Gentlemen Prefer Blondes
| Our Rating:
L Factor: Subtext
Short Take: Marilyn Monroe and Jane Russell in a buddy film
Duration: 91 min
|Director: Howard Hawks
Writer: Charles Lederer, Joseph Fields, Anita Loos
Starring: Jane Russell, Marilyn Monroe, Charles Coburn
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Although it may be a challenge to come up with names of mainstream female buddy movies, they do exist. Films like Thelma and Louise, Fried Green Tomatoes, A League of Their Own, The Color Purple, Julia, and 9 to 5 have female friendships at their core. Women in these films support one another, and even though they may be romantically involved with men, they do not subjugate their relationships with women to those with men. Nor do they become catty or go after the other woman’s man.
Most of these films appeared in the 1990s and later. At its heart, Gentlemen Prefer Blondes also fits here, a renegade from 1953. It was a successful musical featuring bombshells Marilyn Monroe and Jane Russell, no doubt with an adoring male audience, but it also put the wonderful friendship between the two main characters front and center. Even when each member of the duo is married to a man, they do it together in a double wedding.
Arbuthnot and Seneca (1990, pg. 113) discuss the pleasures of watching this film for feminist viewers. Other early films featured strong female characters and serious actresses like Katharine Hepburn, Greta Garbo or Marlene Dietrich, but they were often loners or male identified. In contrast, Gentlemen Prefer Blondes includes a focus on women who are connected to one another. Their friendship is something with which female viewers can identify, and even though the plot centers on finding a man, it does not overwhelm the main text of the story. What this means is that the outline of the film clearly identifies Dorothy (Russell) and Lorelei (Monroe) as heterosexual, but it does not consume the characters so much that straight feminists, bisexual women, or lesbians would find it just another film to write off as one that does not appeal to them.
Clearly Lorelei and Dorothy are sexy, wearing tight fitting costumes that amplify hourglass figures, but their attitudes are very female positive, rather than simply objects of desire. They don’t shrink at the male gaze or the female gaze; they return it. This sex appeal makes them both very powerful over the weaker men in the film, allowing them to easily manipulate millionaires, diamond mine owners, or even the entire Olympic team. Almost any female viewer could find some joy in their alliance on this issue! These are women who are very in control of their sexuality, rather than being intimidated or controlled by the male gaze.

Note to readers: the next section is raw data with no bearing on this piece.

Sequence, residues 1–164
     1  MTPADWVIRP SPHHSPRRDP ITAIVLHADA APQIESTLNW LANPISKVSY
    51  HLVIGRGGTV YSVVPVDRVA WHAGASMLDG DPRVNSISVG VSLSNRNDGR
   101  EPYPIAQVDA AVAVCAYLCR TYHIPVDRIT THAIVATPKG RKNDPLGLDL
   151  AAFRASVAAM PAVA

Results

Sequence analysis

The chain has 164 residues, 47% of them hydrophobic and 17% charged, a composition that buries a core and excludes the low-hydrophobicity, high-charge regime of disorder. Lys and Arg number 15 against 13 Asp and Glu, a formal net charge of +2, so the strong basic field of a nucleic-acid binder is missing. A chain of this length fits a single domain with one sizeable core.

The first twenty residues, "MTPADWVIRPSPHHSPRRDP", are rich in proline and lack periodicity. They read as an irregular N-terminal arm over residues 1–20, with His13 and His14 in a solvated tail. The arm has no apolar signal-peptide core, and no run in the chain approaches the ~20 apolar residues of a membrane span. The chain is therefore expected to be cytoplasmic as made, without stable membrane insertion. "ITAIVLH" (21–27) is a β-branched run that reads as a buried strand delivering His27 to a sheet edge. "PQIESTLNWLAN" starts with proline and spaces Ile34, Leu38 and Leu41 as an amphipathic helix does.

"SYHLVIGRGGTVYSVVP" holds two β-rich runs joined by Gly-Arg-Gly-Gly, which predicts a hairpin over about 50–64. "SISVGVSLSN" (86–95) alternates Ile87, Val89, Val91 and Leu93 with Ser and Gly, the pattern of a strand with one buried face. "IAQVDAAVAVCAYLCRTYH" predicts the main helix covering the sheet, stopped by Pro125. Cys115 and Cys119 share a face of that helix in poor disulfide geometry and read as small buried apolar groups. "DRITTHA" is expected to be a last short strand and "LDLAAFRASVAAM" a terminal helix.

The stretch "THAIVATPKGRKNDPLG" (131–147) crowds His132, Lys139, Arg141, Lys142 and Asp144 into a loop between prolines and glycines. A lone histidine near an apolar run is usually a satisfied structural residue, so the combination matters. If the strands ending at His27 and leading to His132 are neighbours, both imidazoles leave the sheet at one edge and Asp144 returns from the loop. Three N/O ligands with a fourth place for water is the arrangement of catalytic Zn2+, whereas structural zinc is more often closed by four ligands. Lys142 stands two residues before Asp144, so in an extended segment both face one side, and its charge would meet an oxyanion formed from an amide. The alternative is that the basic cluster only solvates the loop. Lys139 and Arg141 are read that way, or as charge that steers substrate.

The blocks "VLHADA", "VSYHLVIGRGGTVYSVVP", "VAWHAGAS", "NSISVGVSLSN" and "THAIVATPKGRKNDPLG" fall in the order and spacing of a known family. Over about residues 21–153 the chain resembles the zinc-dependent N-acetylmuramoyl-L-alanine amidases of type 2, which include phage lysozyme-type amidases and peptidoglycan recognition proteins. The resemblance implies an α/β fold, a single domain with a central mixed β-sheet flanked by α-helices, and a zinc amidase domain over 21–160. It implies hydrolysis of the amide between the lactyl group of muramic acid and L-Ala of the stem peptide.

But is this more than a female buddy movie? Can we find elements implying that Lorelei and Dorothy are more than friends? Alexander Doty (2000) thinks so, but this is one case in which a queer analysis of a film stretches the imagination. His paper examines scenes, themes, costumes, gestures, musical numbers, etc. and makes a case for reading the characters as bisexual. In particular, the characterization of Dorothy as the brunette, taller, almost butch character in contrast to the very quiet, femme Lorelei rings some bells of recognition.
But the minutiae examined did little to change my perception of Gentlemen Prefer Blondes as a bisexual film. Sometimes a friend is just a friend. Sometimes a friend is more important than a lover, and Doty did not convince me that these two women were lovers. Nor did he convince that audiences were given enough coded queues to think that the women may be in an erotic entanglement.
Why did he not make the case? Perhaps this is because the arguments rely on a definition of bisexuality in which the characters are women identified, but have sex with men. There are many films in which women marry men and also have relationships with women. What they have in common, though, is usually at least one character who is more female identified than the other, or one character who reads as either a lesbian or very open in her sexuality. Lorelei and Dorothy may be open to alternatives, but we don’t have enough clues to readily see this. As two women from “the wrong side of the tracks,” their class struggle also was part of creating a tremendous bond.
Perhaps my reluctance to believe may be because actresses Jane Russell and Marilyn Monroe are such historical icons and sex symbols. When I see them I think sex, heterosexual sex. This does not diminish the pleasure of watching those hourglass figures some sixty years later. It makes the appreciation of the friendship of these very sexually powerful women even greater. (AB)